Clinical Presentation

The majority of patients with carotid aneurysms are men with a mean age of 50 to 60 years. Carotid aneurysms may present either with or without symptoms. Fortunately, the majority of patients present with only a pulsatile neck mass just below the angle of the mandible without neurologic compromise. A small percentage suffer from a transient ischemic attack (TIA) or stroke attributed to the release of embolic particulate debris that has accumulated in the dilated aneurysmal lumen. In rare cases, an aneurysm can rupture and cause airway compromise (Fig. 3). Other notable local symptoms range from compression of the esophagus, trachea, oral cavity, or cranial nerves. Horner’s syndrome (miosis, ptosis, anhidrosis), dysphagia (CN IX), hoarseness (CN X), or motor abnormalities of the tongue (CN XII) or shoulder (CN XI) are some of the clinical manifestations of cranial nerve impairment that have been described. While most common carotid artery aneurysms present outwardly in the neck, internal carotid artery aneurysms can present inwardly into the back of the pharynx. As such, an internal carotid aneurysm can be mistaken for an intraoral or retropharyngeal “abscess” and an unsuspecting attempt to incise the “abscess” can lead to massive bleeding.

Diagnosis and Preoperative Planning

In the presence of a pulsatile neck mass the diagnosis of a common carotid aneurysm is suspected. Palpation along the course of the extracranial carotid artery will usually locate a readily mobile pulsatile mass. This is in contrast to a carotid body tumor, which is generally only mobile in the lateral plane. Additional noninvasive imaging is required to confirm the diagnosis. Those aneurysms arising from the internal carotid artery, particularly aneurysms close to the skull base, are more difficult to diagnose on physical examination or duplex imaging and often require cross-sectional imaging for identification.

Fig. 2. Computed tomographic angiography of a common carotid artery patch aneurysm with extensive intramural thrombus.

Duplex ultrasonography is the easiest and least expensive modality to investigate the carotids. Duplex imaging provides accurate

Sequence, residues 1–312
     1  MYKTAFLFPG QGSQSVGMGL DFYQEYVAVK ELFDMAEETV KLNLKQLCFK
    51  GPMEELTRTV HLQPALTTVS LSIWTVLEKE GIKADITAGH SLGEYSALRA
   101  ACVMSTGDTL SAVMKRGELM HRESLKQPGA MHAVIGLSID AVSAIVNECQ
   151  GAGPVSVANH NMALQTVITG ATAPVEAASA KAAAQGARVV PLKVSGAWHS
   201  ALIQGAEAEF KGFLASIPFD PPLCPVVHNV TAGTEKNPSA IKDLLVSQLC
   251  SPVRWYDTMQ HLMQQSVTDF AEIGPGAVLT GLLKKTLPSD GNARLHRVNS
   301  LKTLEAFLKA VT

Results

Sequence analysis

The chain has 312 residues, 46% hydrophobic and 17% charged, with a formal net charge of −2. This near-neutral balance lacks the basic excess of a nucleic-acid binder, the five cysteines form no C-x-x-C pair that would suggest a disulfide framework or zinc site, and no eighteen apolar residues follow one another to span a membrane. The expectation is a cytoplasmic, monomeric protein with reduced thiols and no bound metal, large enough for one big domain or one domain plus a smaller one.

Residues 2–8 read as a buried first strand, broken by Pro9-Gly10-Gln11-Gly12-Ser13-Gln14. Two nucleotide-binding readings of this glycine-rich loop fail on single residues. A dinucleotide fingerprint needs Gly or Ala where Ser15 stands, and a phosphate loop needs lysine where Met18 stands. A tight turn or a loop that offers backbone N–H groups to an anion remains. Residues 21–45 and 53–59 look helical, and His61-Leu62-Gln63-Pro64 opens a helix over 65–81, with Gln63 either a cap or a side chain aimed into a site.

diameter measurements, can assess the luminal contents of the aneurysm, and characterize the type of aneurysm (fusiform vs. saccular). Criteria have been described defining aneurysms as those with at least a diameter measurement that is twice the normal adjacent proximal vessel.

Fig. 3. A: Ruptured left internal carotid aneurysm. B: Angiography demonstrating left internal carotid aneurysm.

At our institution, we routinely obtain a noninvasive contrast-enhanced cross-sectional imaging study to better assess the relevant anatomy. Contrast-enhanced computed tomographic angiography (CTA) and gadolinium-enhanced magnetic resonance angiography (MRA) are most commonly preferred. Alternatively, traditional arteriography can be used to visualize the anatomy. Both CTA and MRA provide detailed information about the extracranial, intracranial, and aortic arch anatomy to best formulate a therapeutic strategy.

Indications for Treatment

A primary determinant for recommending surgical or endovascular treatment is based on the clinical status of the patient. In general, all symptomatic patients should have their aneurysm repaired. Symptoms include stroke, TIA, and local compressive symptoms. Repair of asymptomatic aneurysms should be considered if the aneurysm is at least twice the size of the adjacent normal vessel or if there is a suspicion of an infected aneurysm.

Aug 2, 2016 | Posted by in GENERAL SURGERY | Comments Off on Treatment of Carotid Aneurysms